Valentino Rossi remains in the Yamaha garage, of course, and one question will be how the relationship between the Italian veteran and Viñales develops. They are currently on extremely friendly terms, though that may not last once they are direct competitors in the same team. It is not yet certain whether Yamaha will run their 2017 bike at Valencia, though Valentino Rossi told reporters during the flyaways that he hoped that would be the case. If the bike isn't quite ready for Valencia, then the team will get their first taste of the bike at a private test at Sepang later in the month. There, Rossi and Viñales will also be joined by the Monster Tech 3 Yamaha rookies Johann Zarco and Jonas Folger.
Suzuki is one of three factories which sees a complete change in its line up for 2017. Andrea Iannone joins the Japanese factory from Ducati, while Alex Rins moves up from Moto2 to replace the departing Maverick Viñales. Iannone is expected to be immediately quick, and the Suzuki GSX-RR is a good deal less physical to ride than the Ducati Desmosedici. The Italian should also be highly motivated, as he has been left embittered by Ducati's decision to drop him and keep Andrea Dovizioso, to make room for Jorge Lorenzo. Iannone brings his crew chief Marco Rigamonti with him from Ducati.
Alex Rins also makes his highly anticipated debut on a MotoGP bike. The Spaniard is highly regarded and highly rated, but he has had something of a disappointing Moto2 campaign. He has shown he is capable of winning races in Moto2, and did so very quickly, a key sign he is capable of adapting. But after a draining 2016 Moto2 season, he may not be immediately up to speed on a MotoGP machine.
There may be the fewest personnel changes in the Honda line up – zero, to be precise – but there is still plenty of interest in what HRC will be bringing to Valencia. Honda have a new engine, rumored to have a very different character to the current version of the RC213V. It is said to use a different firing order (or more properly, firing interval) for the cylinders, to make the bike a little easier to manage.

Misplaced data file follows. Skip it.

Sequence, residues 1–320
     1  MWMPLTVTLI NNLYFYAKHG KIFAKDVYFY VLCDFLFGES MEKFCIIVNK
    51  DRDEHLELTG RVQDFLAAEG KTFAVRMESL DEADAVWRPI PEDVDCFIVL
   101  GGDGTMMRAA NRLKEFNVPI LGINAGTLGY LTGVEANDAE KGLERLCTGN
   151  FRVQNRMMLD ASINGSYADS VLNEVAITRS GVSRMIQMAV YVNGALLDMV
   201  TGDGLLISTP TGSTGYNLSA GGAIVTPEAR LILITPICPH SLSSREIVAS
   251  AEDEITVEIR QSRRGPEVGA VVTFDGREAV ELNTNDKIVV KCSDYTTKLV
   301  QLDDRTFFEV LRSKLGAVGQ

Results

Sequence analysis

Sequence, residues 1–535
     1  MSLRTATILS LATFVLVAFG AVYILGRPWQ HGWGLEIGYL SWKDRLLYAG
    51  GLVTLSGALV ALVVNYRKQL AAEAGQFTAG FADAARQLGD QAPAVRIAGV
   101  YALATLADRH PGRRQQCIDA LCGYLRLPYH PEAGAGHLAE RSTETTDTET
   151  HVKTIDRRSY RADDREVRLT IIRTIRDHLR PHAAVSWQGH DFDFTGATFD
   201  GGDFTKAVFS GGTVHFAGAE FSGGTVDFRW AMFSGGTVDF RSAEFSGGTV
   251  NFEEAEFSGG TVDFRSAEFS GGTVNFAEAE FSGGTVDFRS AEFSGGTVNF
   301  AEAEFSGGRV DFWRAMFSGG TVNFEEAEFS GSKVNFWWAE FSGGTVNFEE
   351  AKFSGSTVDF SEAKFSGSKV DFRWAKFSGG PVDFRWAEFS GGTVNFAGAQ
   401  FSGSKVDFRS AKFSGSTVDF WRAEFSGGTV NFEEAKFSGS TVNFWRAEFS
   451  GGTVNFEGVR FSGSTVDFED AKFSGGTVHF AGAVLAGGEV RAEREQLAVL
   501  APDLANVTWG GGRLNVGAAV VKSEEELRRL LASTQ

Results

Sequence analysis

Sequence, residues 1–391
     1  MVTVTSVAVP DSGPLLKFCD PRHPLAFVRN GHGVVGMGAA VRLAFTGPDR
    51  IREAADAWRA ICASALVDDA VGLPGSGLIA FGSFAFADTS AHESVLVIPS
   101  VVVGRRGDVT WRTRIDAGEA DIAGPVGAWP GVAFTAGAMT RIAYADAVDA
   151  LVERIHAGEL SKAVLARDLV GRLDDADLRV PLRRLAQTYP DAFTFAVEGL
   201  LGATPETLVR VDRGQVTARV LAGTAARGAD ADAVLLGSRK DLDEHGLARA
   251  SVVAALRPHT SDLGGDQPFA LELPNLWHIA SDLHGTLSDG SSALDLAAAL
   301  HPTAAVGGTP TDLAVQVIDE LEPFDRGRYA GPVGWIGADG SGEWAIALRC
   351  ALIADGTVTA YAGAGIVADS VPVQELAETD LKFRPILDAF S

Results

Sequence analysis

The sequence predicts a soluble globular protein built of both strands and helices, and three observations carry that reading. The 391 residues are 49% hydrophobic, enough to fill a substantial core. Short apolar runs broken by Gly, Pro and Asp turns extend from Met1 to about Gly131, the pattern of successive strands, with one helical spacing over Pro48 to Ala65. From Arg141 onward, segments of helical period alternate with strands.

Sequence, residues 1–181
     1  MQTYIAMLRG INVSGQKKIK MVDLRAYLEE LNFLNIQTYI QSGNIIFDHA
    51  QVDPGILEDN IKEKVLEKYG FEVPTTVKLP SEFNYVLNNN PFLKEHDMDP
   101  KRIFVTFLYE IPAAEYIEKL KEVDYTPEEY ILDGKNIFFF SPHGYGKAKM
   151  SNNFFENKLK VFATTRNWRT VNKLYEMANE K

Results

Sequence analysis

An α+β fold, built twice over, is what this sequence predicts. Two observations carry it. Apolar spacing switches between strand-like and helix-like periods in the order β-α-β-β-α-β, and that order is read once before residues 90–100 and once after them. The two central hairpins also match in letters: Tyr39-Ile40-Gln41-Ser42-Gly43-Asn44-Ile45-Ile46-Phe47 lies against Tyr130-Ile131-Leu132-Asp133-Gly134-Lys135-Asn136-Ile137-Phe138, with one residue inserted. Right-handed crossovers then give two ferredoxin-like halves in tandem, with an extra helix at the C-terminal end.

Will the new RC213V use a big bang firing sequence? We will only find out for sure at the test – or perhaps on Monday evening, when Repsol Honda mechanics fire up the bike in pit lane in preparation for Tuesday's test. There will be a host of journalists and rival engineers in pit lane when they do, with sound recording equipment at the ready, to analyze the sound of the new bike.
Though the Honda riders have been careful not to comment about the 2017 bike, paddock gossip suggests it is a significant improvement. The changes are said to be mainly in the engine, with only a few minor modifications to the chassis. What Honda are seeking is a big improvement in acceleration. Given that Honda have won nine of the seventeen races held so far this year with a bike that is still hard to control under acceleration, an improvement could lead to massive gains.
In past years, only the Repsol Honda team have had the latest version of the bike at the Valencia test. Given that Cal Crutchlow has played such an important part in HRC's testing program, though, the LCR Honda rider may also get a new engine to test.